Dr Sundgren: Yeah, no, absolutely you can monitor it. So there’s a primary trajectory to measure protein in a more learning capacity with a function which is called glomerular filtration rate which is calculated on your BMI, your body weight and a marker called creatinine. But what’s interesting is that but normally in clinical practice, we don’t really do it very well and if you are a person with a high risk such as you’re having diabetes or hypertension or even if you have kidney disease in your family, it’s really important that you do monitor it and not everybody does that.So therefore when the kidney function dramatically has gone down over several years, that’s when you’re starting to see these complications and then you approach your physician and then at that time, it’s late and your kidney function is very difficult to restore.

Neal: Having been involved for many, many years in renal functions – why in your opinion do you think that the medical field hasn’t accelerated its I guess the sense of urgency? I mean one in 10 worldwide, that must be at least comparable here in the United States. Why do you think it is that the medical community isn’t jumping on board with more tenacity as far as kidney function is concerned?

Dr Sundgren: Yeah, that’s a really again a very good question. And I think the first reason I think there is that when we do clinical trials for any type of disease, when you select patients for those trials, you want to make sure that you select patients that are the right ones. And people with declined kidney functions are often excluded from such trials because they are frail and we don’t want to induce any problems for them with exploratory drugs and so very often these patients are sort of excluded which means that very very few trials are actually done in renal disease patients and that is one of the reasons so we wouldn’t have found serendipitously by  just sort of finding it by coincidence. We would have found new drugs because we’ve excluded the patients in our trials and then when it comes to actual sort of dedicated drug development, you really have to focus on these patients in order to find the scientific mechanisms that make sense and unfortunately there’s been a few companies that have done that and so we are very proud in AstraZeneca to come from a heritage where we have done a lot of cardiovascular development, we have a big portfolio in diabetes and we’re also very interested in inflammation and have worked in inflammation and respiratory for a long time. And since those three are the primary drivers together, the primary drivers for renal disease, it made a lot of sense for us to put a stake in the ground and really move into development for renal disease patients. And I’m very proud that this year, we are going to be able to launch two new medications globally, not in the U.S. but two new medications – one in the U.S. and one in another country – that are actually targeting these patients and it’s actually a very big step for this community where it’s been very quiet for several years.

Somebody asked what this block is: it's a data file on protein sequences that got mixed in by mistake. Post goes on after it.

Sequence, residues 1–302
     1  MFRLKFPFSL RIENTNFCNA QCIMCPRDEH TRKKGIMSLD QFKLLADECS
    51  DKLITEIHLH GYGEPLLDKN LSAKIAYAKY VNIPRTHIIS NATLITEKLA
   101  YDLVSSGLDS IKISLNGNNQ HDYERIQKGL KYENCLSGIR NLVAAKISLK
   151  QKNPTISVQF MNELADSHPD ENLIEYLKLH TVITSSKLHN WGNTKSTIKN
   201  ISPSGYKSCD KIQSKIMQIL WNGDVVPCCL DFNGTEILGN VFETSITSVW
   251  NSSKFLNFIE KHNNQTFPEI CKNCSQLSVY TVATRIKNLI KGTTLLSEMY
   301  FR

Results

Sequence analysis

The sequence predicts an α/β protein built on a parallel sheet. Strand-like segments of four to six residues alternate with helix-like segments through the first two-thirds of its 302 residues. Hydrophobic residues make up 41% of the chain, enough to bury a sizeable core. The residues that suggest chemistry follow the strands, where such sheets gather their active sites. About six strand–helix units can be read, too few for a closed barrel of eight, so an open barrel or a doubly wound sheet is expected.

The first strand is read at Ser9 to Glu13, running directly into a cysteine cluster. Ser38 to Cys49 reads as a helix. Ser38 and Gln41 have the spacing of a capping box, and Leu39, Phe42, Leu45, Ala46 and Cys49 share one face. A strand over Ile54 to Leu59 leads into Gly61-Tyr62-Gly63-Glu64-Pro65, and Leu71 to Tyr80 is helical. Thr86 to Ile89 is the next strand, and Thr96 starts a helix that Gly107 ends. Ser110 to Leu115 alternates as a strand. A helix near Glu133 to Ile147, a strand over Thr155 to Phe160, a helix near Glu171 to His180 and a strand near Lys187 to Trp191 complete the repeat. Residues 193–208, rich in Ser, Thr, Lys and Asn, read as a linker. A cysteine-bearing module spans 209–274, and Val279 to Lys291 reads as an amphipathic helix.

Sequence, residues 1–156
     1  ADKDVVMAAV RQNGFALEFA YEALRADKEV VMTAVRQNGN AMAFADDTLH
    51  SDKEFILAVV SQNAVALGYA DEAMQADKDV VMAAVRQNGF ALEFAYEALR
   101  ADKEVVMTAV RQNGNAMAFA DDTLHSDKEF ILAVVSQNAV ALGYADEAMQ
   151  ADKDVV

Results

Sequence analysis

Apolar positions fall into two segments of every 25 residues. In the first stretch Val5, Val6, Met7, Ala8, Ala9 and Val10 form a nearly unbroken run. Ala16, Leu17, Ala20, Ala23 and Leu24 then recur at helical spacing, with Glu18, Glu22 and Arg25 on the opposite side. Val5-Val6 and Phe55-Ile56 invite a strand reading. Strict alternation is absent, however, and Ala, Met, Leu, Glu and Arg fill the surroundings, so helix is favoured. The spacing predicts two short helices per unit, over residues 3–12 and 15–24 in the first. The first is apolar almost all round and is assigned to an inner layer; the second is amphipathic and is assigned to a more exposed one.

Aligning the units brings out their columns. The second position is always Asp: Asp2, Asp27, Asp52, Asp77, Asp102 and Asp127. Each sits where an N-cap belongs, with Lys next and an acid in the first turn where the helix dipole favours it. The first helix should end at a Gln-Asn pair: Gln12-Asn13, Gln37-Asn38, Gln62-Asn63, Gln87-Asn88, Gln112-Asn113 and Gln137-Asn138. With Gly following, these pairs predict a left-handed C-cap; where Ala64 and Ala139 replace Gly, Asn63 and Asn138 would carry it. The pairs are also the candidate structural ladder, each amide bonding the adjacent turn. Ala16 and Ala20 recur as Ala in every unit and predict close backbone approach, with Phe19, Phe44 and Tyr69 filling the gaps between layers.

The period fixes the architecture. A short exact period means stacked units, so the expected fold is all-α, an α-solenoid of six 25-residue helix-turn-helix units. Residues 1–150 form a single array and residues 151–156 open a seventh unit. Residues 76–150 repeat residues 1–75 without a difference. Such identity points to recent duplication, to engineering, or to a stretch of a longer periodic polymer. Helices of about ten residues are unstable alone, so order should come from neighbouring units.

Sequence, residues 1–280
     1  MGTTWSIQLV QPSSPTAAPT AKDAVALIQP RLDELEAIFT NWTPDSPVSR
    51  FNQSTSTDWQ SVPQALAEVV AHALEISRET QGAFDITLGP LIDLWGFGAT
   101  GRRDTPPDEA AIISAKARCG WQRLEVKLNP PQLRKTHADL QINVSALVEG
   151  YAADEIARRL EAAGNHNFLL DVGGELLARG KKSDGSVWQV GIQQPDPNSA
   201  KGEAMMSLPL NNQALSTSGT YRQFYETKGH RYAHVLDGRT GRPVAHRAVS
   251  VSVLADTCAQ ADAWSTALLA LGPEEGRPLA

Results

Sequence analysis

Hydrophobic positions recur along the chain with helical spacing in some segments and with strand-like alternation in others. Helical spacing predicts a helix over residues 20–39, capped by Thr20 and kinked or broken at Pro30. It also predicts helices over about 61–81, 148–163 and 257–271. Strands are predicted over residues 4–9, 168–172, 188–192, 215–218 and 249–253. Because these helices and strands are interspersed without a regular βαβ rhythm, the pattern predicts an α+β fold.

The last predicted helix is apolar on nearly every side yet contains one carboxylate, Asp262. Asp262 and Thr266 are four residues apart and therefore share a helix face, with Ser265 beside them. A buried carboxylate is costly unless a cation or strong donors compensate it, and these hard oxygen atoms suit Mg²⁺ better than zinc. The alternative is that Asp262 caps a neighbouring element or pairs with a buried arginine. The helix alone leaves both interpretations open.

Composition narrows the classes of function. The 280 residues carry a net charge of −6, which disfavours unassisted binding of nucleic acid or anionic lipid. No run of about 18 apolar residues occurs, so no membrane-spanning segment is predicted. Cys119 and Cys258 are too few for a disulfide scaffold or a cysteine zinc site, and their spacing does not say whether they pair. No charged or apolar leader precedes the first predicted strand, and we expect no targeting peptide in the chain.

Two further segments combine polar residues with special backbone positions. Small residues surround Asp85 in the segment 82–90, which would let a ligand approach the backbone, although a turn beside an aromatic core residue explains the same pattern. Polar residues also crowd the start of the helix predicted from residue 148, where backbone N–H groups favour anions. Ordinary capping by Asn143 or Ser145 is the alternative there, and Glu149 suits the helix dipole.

Neal: What would you say is on the horizon? I mean one in ten cases, do you think that we can bring that down to maybe one in eight over the next 20 years?

Dr Sundgren: That is absolutely my vision. I’m hoping that we can see a world ahead of us, not too far away, where people living with CKD are able to live much longer and really, when they get the diagnosis, it’s not a death sentence so we want to really be able to help manage the complications that are life-threatening and also stop the progression. And so a visionary future for us would be that there would be less need for dialysis centers and also that there would be a better supply-demand match for transplants because if we can halt these people progressing in their disease and also manage how they die essentially, because there’s a lot of people coming to cardiovascular deaths in this area. And if we can manage that, both complications and disease progression, then we do believe that we can move from CKD being a death sentence for you to something that’s much more positive for just over a few years.

Neal: Where can we go online and get some more information as listeners about AstraZeneca and the developments that you’re working on to combat CKD?

Dr Sundgren: So the best place is to go to our website, it’s astrazeneca.com and we have a very interesting view there of our renal portfolio that you can have a look at.

Neal: Dr. Sundgren thank you so much for joining us here on Health Professional Radio.

Dr Sundgren: Thank you Neal, it was a delight to talk to you.

Neal: With you as well. You’ve been listening to Health Professional Radio, I’m your host Neal Howard in conversation with Dr. Anna Sundgren, Renal Disease Strategy Leader and Global Medicines Development that AstraZeneca. Transcripts and audio of this program are available at hpr.fm and healthprofessionalradio.com.au can also subscribe to this podcast on iTunes, listen in and download at SoundCloud and be sure and visit our Affiliate Page at hpr.fm and healthprofessionalradio.com.au

Liked it? Take a second to support healthprofessionalradio on Patreon!

0 Comments

Leave a Reply

You must be logged in to post a comment.